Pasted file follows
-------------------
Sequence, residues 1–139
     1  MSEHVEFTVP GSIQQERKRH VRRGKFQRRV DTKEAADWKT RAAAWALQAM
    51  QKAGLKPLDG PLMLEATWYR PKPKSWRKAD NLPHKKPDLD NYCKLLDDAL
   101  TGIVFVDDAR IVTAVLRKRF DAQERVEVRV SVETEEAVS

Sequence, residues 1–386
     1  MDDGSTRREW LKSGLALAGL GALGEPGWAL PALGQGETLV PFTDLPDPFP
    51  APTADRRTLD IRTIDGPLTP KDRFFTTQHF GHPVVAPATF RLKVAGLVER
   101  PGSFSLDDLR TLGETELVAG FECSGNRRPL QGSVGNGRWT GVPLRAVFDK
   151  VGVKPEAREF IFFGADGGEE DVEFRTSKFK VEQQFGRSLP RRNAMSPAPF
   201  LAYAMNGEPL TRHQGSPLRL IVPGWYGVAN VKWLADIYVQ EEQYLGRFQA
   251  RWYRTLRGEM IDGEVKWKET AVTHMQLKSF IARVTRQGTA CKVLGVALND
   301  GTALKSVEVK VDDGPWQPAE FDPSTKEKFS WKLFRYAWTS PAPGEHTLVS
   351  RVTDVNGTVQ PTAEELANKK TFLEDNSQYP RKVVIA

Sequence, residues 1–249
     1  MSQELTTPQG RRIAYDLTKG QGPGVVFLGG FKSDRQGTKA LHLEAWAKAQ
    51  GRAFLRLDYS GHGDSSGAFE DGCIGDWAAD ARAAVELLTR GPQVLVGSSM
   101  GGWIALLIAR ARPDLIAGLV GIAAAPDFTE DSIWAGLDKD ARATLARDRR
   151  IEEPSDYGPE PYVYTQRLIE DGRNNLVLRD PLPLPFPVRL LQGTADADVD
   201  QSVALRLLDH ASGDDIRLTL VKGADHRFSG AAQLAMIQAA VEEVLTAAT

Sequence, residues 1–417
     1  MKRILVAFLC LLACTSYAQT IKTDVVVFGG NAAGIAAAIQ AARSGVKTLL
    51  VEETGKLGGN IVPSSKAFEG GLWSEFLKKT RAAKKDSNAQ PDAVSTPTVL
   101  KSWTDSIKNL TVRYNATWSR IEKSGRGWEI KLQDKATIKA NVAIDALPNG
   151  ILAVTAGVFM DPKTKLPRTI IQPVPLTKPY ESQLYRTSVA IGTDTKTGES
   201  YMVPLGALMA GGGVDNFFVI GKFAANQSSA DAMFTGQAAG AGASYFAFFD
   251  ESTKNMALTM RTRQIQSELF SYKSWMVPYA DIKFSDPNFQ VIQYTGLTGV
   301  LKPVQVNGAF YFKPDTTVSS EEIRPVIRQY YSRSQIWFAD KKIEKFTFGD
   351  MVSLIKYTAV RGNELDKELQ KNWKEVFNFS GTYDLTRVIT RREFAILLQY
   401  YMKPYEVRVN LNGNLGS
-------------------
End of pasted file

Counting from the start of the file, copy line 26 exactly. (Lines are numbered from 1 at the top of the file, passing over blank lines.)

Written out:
   251  ESTKNMALTM RTRQIQSELF SYKSWMVPYA DIKFSDPNFQ VIQYTGLTGV